With each quilt project, I try to broaden my horizons and learn something new. Sometimes that is playing with different colors than I would usually pick. Others, it is adding a new technique for assembling the quilt. Often the design itself is an extension of the fabric or inspired by my surroundings or current events. Regardless, each design broadens my horizons and hones my quilting skills. I wanted this to be an adventure and it certainly is!

What do you do to broaden your horizons?

  • Do you try new recipes or restaurants? Our taste buds and stomachs have considerable influence over us sometimes!
  • Do you learn from reading? Maybe you pick a new genre or a new author.
  • Do you watch the news or read a newspaper? If so, do you always read from the same source, which confirms your beliefs? Or do you challenge yourself to read a different opinion to understand how others may think?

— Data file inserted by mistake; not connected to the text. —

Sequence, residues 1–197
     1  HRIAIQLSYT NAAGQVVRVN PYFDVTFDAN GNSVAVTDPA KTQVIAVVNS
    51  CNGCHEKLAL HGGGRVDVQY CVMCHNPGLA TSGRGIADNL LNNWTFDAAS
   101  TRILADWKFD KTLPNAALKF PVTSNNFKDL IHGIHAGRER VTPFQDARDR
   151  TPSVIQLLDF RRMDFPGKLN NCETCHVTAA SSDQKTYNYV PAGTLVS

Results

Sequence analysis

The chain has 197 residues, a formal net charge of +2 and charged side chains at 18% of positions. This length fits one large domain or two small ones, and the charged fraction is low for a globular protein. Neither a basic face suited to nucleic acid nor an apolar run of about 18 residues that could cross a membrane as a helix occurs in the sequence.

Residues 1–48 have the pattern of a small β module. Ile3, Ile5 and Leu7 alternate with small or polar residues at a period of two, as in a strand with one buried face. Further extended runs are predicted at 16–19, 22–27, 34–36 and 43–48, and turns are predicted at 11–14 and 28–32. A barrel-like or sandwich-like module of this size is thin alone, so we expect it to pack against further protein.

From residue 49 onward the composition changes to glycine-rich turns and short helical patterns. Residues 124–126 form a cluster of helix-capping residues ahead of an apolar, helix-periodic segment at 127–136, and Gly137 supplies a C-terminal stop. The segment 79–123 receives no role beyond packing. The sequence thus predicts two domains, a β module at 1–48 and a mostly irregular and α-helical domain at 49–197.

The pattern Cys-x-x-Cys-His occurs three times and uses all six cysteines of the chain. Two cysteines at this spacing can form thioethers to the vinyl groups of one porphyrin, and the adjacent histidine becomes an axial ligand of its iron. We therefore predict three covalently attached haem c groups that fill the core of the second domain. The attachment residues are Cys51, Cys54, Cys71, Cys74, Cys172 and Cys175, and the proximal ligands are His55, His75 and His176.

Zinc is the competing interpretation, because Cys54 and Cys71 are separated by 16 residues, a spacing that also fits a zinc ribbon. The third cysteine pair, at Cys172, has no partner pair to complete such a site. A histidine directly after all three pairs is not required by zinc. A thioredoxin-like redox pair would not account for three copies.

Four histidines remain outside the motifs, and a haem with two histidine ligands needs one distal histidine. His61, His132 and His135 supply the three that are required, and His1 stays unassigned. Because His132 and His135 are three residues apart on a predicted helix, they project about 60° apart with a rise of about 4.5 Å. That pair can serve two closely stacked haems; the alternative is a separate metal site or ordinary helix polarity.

• Do you travel not only to see new places, but meet new people and grow from the experience?
  • Do you take classes either professional or hobby related to grow your skills?

There are so many ways to broaden your horizons and become a more well rounded individual. I know many people who are specialists in their field of expertise. Some even excel at several things. Think of the term “renaissance person“. Examples are Leonardo da Vinci and Benjamin Franklin. We can’t all be icons like them, but each of us needs to feel we excel at something. Excellence can be a good thing, but we don’t want to be one dimensional, We grow by learning and trying new things.

Broadening definitely challenged by me as a design for Timeless Treasures’ Sapphire collection. The collection includes beautiful blue and black fabrics, but not a very light fabric. I am used to working with light, medium and dark components. This forced me to rethink “light” and shift my value scale (light to dark or contrast).  Everything shifted a little.

ex This shift is exemplified in the quilt pattern itself as well. It is a nine patch with sashing. However, the nine patch is between a traditional nine patch and an  “X” or Cross pattern. The Uneven Cross broadens toward the corners – thus the name “Broadening.”

The finished quilt measures 58″ x 70″ so is great as a throw. The pattern can easily be modified to make it smaller or larger to fit your needs as the Uneven Cross block is repeated throughout. Templates make piecing simple. Broadening is available in our shop and kits will be available in shops near you soon!

Happy Quilting!